Avoid Power Struggles In Your Relationship And Learn To Fight Fair
Posted Mar 05 2009 4:43am
Power struggles erupt in relationships for any of a number of reasons. It could be the clash that often happens when two people attempt to co-mingle their lives. It could happen because one person feels threatened by a decision the other has made. And – especially in economic times like we’re facing now – it could happen over money.
One of the most important things for a couple that is in a power struggle, is to learn to fight fair. This is especially crucial now, as it’s likely that more and more couples ARE fighting about money, and these arguments are likely to become more and more heated. Fighting fair does NOT mean avoiding conflict in favor of polite discussion. Conflicts are inevitable and it is the way that couples work through them that influences how they relate to each other emotionally. That’s why I’ve set forth several rules for fighting fair:
How To Fight Fair
1. Ask permission. Make sure that now is a good time to talk about that crucial issue. If not, make an appointment to do so.
2. Reschedule if necessary. If it’s not a good time – or if your partner is likely to stonewall to avoid conflict – get them to commit to a time within 24 hours that you CAN talk about the topic at hand.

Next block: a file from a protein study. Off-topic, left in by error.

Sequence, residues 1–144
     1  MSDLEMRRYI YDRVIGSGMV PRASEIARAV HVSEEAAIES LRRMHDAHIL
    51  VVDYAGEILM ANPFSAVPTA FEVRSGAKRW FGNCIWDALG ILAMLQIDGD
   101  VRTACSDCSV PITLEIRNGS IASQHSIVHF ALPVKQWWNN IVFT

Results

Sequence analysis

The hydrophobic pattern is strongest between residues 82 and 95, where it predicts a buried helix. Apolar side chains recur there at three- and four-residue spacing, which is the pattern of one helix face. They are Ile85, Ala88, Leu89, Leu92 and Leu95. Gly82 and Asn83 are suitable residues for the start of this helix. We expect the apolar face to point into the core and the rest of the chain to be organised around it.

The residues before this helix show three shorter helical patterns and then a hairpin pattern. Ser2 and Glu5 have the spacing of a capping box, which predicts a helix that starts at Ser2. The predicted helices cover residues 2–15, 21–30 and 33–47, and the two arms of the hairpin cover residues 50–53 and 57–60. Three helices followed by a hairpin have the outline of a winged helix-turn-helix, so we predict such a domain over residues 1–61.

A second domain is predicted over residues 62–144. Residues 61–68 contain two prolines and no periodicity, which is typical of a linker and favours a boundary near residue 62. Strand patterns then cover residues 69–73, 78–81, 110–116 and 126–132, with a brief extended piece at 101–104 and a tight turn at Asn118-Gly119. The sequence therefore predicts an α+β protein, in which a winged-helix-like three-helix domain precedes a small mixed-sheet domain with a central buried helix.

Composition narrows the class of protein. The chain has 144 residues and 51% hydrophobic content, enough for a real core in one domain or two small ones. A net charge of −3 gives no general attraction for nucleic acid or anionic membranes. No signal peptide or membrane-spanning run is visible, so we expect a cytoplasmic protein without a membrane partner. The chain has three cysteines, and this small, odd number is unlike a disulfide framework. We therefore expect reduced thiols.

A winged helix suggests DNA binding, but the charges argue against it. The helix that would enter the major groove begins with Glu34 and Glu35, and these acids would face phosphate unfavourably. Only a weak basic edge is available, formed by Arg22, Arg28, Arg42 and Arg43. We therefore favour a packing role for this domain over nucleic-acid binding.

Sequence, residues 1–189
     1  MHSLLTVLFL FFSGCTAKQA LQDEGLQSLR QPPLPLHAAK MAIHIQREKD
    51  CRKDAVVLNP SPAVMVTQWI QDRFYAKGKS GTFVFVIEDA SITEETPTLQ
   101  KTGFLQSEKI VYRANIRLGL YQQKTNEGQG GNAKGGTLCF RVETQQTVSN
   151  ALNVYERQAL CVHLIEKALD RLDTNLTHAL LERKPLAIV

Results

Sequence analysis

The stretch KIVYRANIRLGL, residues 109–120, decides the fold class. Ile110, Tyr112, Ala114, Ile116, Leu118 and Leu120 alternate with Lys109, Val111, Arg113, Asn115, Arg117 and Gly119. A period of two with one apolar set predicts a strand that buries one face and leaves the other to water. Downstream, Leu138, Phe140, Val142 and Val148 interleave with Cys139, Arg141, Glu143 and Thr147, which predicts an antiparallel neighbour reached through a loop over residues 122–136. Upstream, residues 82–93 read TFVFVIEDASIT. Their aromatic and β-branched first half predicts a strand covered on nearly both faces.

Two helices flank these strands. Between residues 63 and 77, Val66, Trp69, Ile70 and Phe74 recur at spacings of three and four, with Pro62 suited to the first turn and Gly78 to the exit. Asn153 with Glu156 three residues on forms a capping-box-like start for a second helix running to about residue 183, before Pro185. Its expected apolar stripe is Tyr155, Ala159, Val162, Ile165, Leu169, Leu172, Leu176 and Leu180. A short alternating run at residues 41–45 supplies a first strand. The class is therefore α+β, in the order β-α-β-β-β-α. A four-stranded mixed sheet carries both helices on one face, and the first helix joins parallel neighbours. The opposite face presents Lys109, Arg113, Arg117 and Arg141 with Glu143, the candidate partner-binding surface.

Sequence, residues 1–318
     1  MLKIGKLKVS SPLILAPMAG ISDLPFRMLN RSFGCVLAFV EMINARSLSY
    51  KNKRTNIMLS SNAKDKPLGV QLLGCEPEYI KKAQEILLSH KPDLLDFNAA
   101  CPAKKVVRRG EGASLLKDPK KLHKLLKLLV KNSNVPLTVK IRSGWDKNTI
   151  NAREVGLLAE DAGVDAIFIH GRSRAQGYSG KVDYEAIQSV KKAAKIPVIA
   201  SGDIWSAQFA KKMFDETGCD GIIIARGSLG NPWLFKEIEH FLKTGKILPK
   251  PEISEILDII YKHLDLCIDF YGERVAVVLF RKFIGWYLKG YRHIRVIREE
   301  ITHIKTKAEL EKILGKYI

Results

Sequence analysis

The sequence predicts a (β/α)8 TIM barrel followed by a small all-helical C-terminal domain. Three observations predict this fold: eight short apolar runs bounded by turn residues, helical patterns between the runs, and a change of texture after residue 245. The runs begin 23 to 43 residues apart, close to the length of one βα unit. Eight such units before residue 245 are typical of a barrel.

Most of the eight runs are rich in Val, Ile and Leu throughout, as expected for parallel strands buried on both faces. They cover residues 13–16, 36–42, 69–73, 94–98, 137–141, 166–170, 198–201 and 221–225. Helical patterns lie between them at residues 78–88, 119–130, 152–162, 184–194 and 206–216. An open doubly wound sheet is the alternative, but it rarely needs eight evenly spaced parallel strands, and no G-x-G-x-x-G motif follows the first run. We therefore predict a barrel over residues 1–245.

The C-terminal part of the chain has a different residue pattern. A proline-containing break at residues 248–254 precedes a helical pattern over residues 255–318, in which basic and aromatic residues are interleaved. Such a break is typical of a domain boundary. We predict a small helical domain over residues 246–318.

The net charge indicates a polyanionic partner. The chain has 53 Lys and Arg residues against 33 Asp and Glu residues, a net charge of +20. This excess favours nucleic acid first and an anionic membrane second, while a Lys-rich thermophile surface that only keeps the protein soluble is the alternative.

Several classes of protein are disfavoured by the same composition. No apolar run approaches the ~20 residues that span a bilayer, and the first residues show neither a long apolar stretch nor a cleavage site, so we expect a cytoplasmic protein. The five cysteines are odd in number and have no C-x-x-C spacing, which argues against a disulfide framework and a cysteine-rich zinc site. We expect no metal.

3. Put time limits on the fight. If the topic becomes too sensitive, allow for either person to take a “time out.”
4. Don’t ignore. Even while you’re fighting, maintain eye contact, acknowledge what they’re saying, let them finish their thoughts, and listen to them. Get rid of distractions.
5. Use “I” sentences. Don’t blame, criticize or be negative. Bring it back around and take responsibility for your actions and thoughts.
6. Echo what you hear and validate feelings. It can be easy to get angry over the course of the fight to the point that you don’t want to communicate. But it’s important that your partner know their feelings are important to you, even if you disagree. Repeat what they’re saying to make sure you understand, and do so with out “editorializing” or adding your own spin.
7. Empathize. Saying things like, “that makes sense,” or, “ I can see how you feel that way,” go a long way toward diffusing a heated argument. You may still have a long way to go to come to a decision or compromise but if you each know the other person understands where you’re coming from, it’ll make the road that much easier.
8. Be honest, but don’t be hurtful. Go beyond your comfort zone to express how you are feeling and what you’re worried about, but choose your words carefully!
9. Detach from your emotions. I mean this in a positive way! When you argue, practice listening to the content, but not giving in to a knee-jerk emotional response.